Boks need to back up hype

The Springboks can’t talk of closing gap on the All Blacks until they consistently set similar standards to the All Blacks, writes MARK KEOHANE in Business Day newspaper.

The obsession with the World Cup has allowed for a failure that ordinarily would not be glossed over or excused. Every time the Boks lose to New Zealand, the supporter response is that the only match that matters is the one played at the World Cup.

Why then invest energy and emotion in the results between World Cups if the defeats were that easily dismissed? Why also then celebrate with such euphoria when the Springboks actually beat the All Blacks every sixth Test?

The All Blacks have won 45, drawn two and lost two matches since the opening World Cup win against Tonga. They have won three Rugby Championships and beaten South Africa two out of three times at altitude, with their only defeat coming through Pat Lambie’s 79th-minute penalty.

The Springboks, of the chasing pack, are the closest to beating the All Blacks. But here’s the kicker: beating the All Blacks in a match does not mean the gap has been closed on the All Blacks as the world’s best team.

And the winning or losing of the World Cup won’t also be the only determining factor in who leads world rugby.

The World Cup is a one-off tournament, but it should not mean the Rugby Championship, the Six Nations and every other Test series or Grand Slam tour is now dismissed has having little meaning.

There are four teams with a very good chance of winning the World Cup. South Africa and New Zealand are always going to be among that quartet. But to call our rugby a leader is to lead when the expectation is that of a leader.

The Boks fronted for England. It was typical ‘wounded Bok’, ‘backs to the wall’ type of stuff. The Boks were immense in the collisions at Twickenham.

Mentally, they simply weren’t in the same frame against Italy.

It was a similar situation when they beat the All Blacks and simply didn’t arrive for the challenge of the Irish.

New Zealand fronted South Africa and hammered them when the Rugby Championship had already been won. They then had to back that up with beating Australia, despite having won the Bledisloe Cup.

They talk about standards and about being true to their standards. They don’t talk about World Cup preparation and they never compare their lack of performance as being acceptable because of South Africa’s failure to produce consistency.

Too often criticism of the Boks is explained through a comparison to the All Blacks. It masks too many things and highlights enough insecurity to doubt the ability of the Springboks to lead instead of being an occasional leader.

The Boks are good enough, in a one-off, to beat New Zealand. So are England. So are France. So potentially are Australia and Ireland. Any team can lose a match a year. 

But winning one in six is not closing the gap on the All Blacks. It merely reinforces that there is no outright favourite for a play-off tournament.

The Boks, when assessed for consistency, are a poor second to New Zealand in every aspect.

Winning the occasional match against the All Blacks at Ellis Park isn’t evolution or growth. Springbok teams have produced this kind of result throughout history.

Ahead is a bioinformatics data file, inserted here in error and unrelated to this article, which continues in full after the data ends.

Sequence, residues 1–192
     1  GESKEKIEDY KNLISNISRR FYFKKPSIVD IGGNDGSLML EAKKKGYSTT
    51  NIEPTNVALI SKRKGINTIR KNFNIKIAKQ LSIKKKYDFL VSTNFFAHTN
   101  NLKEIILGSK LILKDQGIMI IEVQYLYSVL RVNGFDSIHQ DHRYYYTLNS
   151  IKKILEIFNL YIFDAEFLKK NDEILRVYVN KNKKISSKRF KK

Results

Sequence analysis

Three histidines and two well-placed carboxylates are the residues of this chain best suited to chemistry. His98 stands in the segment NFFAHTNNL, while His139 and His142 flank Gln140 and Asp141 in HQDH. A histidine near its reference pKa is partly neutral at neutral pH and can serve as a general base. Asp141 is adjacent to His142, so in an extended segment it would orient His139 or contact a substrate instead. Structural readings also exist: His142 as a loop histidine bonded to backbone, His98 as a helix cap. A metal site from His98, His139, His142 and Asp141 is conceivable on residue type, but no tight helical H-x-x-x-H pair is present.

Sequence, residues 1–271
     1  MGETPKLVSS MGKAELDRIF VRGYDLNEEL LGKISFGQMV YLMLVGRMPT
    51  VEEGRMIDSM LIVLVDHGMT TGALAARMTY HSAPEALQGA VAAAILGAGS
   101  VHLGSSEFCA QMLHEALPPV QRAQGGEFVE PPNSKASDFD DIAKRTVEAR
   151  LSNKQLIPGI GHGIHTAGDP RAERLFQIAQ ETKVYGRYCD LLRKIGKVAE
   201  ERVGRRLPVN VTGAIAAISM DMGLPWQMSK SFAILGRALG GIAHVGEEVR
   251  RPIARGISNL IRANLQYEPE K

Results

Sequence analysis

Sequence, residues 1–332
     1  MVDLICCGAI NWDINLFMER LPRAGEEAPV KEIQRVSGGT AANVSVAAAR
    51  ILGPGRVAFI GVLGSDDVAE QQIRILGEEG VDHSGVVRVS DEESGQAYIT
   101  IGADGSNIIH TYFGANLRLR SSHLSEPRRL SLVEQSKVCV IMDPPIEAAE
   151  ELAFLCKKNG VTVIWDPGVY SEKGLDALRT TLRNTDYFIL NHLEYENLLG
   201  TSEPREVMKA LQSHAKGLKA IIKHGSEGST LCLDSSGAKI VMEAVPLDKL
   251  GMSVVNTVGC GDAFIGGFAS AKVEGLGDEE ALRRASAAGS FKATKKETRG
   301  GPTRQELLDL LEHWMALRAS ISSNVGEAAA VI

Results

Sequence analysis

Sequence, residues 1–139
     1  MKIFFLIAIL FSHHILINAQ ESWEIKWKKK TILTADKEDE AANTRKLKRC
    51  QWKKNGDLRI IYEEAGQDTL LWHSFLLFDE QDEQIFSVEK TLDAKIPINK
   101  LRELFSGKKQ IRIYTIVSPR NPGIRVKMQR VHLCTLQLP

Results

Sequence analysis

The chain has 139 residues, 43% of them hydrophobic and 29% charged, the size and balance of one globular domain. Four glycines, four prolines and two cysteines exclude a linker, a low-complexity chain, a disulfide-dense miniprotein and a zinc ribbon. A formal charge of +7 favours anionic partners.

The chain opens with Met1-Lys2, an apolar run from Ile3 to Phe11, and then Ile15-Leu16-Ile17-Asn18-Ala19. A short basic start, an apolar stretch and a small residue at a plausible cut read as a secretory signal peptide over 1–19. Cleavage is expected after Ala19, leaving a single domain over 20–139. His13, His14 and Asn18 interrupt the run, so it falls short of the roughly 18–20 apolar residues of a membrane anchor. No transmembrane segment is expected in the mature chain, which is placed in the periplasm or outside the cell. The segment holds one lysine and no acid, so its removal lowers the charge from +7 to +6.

What will determine the strength and standing of the Boks is an ability to flourish when expectation demands a performance worthy of the hype.

The Boks were labelled the greatest Bok team in the last 20 years in the buildup to the Irish Test. A team that hadn’t won the Rugby Championship in three attempts and had lost two at home in three against the All Blacks can’t claim anything but being part of the chasing pack.

It was an insult to the 1995 and 2007 World Cup-winning Springbok teams. It was also an insult to the Boks of 1997 and 1998 that won 17 consecutive matches.

The Boks, with minimal changes from the Twickenham match, were rightly expected to make a statement against a team that had won only once in the past 15 months.

It simply wasn’t good enough because claims to greatness should be in how the crown is worn and not by virtue of the pursuit.

Mental conditioning means delivering when it is expected.

The Boks, unfortunately, have stumbled every time in the past three years when there has been an expectation of something special.

The Boks talk of closing the gap and talk of how good they believe they are and can be. But their performance over the duration of a Test season doesn't support this view.

Winning the World Cup means being called the world champions for four years. But losing two matches in 49 is what makes a team the undisputed world’s best.

South Africa’s challenge has to be to back up the hype each week and not find an extra arm and a leg every second week when stung by criticism of mediocrity.

New Zealand, in the past four years, have set the standard through consistent performance, Test after Test.

South Africa talk of similar standards but their performance is not as impressive as their press conference talk.

There is goodwill towards the Boks and there is wonderful belief in this squad. But there are also too many concessions made to a team that potentially should be the equal of New Zealand against all comers, but in the past four years haven’t earned the right, through performance, to deserve such plaudits.

Springbok captain Jean de Villiers said the Test against Italy would be about quality of performance and not the result.

He asked the team to be judged on the standard of play and not the scoreline and he got another reminder as to why the Boks in the past four years have chased a crown they always talk of being good enough to wear with consistency.

Photo: Steve Haag/Gallo Images